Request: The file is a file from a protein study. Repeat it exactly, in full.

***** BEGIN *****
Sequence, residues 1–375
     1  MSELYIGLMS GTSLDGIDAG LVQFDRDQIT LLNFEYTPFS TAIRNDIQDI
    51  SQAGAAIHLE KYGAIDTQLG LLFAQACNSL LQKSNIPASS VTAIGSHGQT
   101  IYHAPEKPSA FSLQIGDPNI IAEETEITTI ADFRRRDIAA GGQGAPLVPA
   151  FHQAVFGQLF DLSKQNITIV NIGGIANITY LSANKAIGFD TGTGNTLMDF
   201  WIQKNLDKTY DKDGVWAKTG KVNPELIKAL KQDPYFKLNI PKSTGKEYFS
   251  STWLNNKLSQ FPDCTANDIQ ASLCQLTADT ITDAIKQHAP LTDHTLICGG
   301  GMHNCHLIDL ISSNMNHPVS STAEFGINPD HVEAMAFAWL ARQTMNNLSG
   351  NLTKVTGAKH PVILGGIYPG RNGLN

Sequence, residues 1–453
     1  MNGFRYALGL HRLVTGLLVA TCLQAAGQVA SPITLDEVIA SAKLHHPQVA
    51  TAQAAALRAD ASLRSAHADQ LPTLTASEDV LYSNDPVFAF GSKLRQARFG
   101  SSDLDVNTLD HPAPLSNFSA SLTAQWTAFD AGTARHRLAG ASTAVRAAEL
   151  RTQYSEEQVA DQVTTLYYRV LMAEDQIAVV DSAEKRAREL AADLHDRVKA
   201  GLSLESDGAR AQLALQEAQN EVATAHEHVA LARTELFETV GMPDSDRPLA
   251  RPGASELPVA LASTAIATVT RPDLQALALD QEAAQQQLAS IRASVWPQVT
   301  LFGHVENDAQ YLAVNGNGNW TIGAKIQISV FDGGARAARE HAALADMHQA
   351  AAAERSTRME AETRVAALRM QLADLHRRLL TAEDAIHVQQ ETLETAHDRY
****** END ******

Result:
Sequence, residues 1–375
     1  MSELYIGLMS GTSLDGIDAG LVQFDRDQIT LLNFEYTPFS TAIRNDIQDI
    51  SQAGAAIHLE KYGAIDTQLG LLFAQACNSL LQKSNIPASS VTAIGSHGQT
   101  IYHAPEKPSA FSLQIGDPNI IAEETEITTI ADFRRRDIAA GGQGAPLVPA
   151  FHQAVFGQLF DLSKQNITIV NIGGIANITY LSANKAIGFD TGTGNTLMDF
   201  WIQKNLDKTY DKDGVWAKTG KVNPELIKAL KQDPYFKLNI PKSTGKEYFS
   251  STWLNNKLSQ FPDCTANDIQ ASLCQLTADT ITDAIKQHAP LTDHTLICGG
   301  GMHNCHLIDL ISSNMNHPVS STAEFGINPD HVEAMAFAWL ARQTMNNLSG
   351  NLTKVTGAKH PVILGGIYPG RNGLN

Sequence, residues 1–453
     1  MNGFRYALGL HRLVTGLLVA TCLQAAGQVA SPITLDEVIA SAKLHHPQVA
    51  TAQAAALRAD ASLRSAHADQ LPTLTASEDV LYSNDPVFAF GSKLRQARFG
   101  SSDLDVNTLD HPAPLSNFSA SLTAQWTAFD AGTARHRLAG ASTAVRAAEL
   151  RTQYSEEQVA DQVTTLYYRV LMAEDQIAVV DSAEKRAREL AADLHDRVKA
   201  GLSLESDGAR AQLALQEAQN EVATAHEHVA LARTELFETV GMPDSDRPLA
   251  RPGASELPVA LASTAIATVT RPDLQALALD QEAAQQQLAS IRASVWPQVT
   301  LFGHVENDAQ YLAVNGNGNW TIGAKIQISV FDGGARAARE HAALADMHQA
   351  AAAERSTRME AETRVAALRM QLADLHRRLL TAEDAIHVQQ ETLETAHDRY